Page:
HB: In addition to all this research to get you in the mindset of the character, how did you prep physically?
PH: I had just come off of doing a play in Los Angeles which actually got me the role. It was called Bent and it was at the Mark Taper Forum. I was playing a homosexual from 1930 to 1934 Berlin who is eventually put into a concentration camp for the second half of the play. I had lost about 38 pounds for that; I had come into the role at about 205 pounds after doing an action role for live-action material for this X-Box video game called Quantum Break. I then got the play and lost 38 pounds. Then when I came on to Jack Reacher, I had just taken my girlfriend on vacation and ate everything I could. I put on about 15 pounds, so when I met [the Jack Reacher team] I was clocking in at about 180. They looked at me and were like, “You’re just gonna lose five pounds, we’re gonna keep you skinny.” It’s a conversation I have a lot because I change myself a lot. Some roles you don’t want to be a big, bulky, muscle-y guy and some roles you want to be a lean, marathon-runner physical type. And some roles you just don’t want to be in shape. When I did Casual, I just let myself put on weight because he’s a schoolteacher. He’s not meant to be muscle-y. But for this role [in Jack Reacher] they wanted him to be lean, mean, very sinewy, and it added a cool effect because my face for most of the film is very—not quite gaunt—but it has a sort of sunken feel. It’s incredible how insane I look. I actually look like a bad guy. When I look at myself in the mirror, I don’t see the bad guy.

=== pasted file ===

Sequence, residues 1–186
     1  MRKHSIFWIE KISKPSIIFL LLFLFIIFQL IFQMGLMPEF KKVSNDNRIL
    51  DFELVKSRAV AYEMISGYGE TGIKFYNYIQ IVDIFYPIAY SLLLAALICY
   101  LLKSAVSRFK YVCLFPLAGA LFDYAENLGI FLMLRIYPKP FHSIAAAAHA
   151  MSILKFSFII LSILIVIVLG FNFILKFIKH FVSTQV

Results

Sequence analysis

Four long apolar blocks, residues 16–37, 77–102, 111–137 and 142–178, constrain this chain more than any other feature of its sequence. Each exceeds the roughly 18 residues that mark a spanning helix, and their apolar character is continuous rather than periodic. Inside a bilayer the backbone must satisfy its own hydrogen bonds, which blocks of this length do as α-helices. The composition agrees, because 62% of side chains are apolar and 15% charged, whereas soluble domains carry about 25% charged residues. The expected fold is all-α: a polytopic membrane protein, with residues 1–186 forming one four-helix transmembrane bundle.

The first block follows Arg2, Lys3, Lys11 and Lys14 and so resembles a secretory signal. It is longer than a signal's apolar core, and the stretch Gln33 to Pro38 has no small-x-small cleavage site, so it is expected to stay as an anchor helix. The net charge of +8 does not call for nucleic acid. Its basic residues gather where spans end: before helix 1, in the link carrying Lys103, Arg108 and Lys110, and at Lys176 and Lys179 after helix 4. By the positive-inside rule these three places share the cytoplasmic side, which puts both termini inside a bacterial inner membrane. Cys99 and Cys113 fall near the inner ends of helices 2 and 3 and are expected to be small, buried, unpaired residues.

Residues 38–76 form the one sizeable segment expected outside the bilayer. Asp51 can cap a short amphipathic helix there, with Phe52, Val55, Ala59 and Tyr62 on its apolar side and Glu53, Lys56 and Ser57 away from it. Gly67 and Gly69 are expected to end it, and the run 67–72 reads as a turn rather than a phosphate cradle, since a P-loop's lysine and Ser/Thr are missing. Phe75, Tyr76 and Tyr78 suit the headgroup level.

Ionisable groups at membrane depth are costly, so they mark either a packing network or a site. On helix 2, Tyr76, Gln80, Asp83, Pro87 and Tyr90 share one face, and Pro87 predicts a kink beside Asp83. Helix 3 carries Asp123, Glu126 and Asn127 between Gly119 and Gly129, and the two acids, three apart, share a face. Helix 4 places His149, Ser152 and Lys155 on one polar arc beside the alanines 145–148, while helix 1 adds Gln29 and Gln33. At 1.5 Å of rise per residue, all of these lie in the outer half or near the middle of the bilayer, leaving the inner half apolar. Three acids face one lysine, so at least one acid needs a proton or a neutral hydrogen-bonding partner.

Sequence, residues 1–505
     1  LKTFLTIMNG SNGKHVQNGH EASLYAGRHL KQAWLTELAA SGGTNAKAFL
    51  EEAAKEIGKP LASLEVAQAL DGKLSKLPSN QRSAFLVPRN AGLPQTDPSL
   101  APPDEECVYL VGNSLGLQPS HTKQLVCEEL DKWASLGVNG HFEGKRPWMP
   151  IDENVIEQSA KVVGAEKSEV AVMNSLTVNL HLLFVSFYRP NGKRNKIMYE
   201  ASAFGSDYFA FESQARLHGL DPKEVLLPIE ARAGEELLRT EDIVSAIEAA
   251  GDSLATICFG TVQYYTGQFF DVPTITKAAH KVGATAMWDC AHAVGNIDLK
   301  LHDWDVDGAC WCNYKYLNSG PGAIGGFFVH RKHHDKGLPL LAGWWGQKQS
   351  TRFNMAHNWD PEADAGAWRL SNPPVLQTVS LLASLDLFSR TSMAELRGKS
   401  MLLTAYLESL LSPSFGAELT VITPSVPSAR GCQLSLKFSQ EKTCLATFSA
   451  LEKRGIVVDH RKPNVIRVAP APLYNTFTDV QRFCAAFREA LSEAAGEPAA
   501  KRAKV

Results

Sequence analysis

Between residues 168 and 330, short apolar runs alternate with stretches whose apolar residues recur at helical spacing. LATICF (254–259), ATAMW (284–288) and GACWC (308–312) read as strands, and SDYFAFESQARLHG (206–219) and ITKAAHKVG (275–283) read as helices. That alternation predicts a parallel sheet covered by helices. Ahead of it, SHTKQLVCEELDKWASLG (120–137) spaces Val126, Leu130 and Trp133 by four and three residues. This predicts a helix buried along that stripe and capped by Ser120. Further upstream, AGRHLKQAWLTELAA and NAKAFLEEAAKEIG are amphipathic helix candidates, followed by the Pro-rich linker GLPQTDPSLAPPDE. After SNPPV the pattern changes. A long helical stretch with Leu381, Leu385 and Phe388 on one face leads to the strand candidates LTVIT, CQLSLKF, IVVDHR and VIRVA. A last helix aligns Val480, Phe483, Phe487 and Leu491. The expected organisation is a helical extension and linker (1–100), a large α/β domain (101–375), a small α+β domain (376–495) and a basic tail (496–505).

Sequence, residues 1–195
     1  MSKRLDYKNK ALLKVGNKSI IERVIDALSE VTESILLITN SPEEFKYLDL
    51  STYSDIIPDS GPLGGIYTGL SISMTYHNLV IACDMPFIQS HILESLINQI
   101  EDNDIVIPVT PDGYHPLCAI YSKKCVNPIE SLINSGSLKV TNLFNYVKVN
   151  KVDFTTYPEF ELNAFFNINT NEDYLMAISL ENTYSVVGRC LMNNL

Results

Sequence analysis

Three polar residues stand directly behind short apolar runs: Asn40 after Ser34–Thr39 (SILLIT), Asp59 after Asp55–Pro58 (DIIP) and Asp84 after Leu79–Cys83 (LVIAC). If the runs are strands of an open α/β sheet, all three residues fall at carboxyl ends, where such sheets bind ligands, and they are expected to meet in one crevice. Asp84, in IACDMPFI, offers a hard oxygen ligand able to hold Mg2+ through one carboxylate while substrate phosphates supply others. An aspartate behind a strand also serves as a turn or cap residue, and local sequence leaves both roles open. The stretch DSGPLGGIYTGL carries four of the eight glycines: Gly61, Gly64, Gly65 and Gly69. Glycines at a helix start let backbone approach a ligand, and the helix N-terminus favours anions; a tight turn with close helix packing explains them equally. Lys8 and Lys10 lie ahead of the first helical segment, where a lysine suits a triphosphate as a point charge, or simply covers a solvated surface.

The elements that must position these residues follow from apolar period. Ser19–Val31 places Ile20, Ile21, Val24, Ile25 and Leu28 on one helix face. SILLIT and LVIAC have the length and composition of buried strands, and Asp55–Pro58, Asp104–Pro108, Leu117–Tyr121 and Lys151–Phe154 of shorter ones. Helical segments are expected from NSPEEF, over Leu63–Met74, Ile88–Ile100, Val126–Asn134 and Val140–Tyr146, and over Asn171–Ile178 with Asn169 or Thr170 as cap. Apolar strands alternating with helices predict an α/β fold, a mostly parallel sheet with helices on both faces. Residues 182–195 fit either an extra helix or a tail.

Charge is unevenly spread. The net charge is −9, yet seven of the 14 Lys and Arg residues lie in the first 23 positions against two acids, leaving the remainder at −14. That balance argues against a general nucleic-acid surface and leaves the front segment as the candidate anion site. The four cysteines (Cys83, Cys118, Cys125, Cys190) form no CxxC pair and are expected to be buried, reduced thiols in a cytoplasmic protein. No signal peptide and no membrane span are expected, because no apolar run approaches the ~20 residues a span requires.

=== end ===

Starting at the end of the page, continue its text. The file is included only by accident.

HB: Does changing your body help you get into character?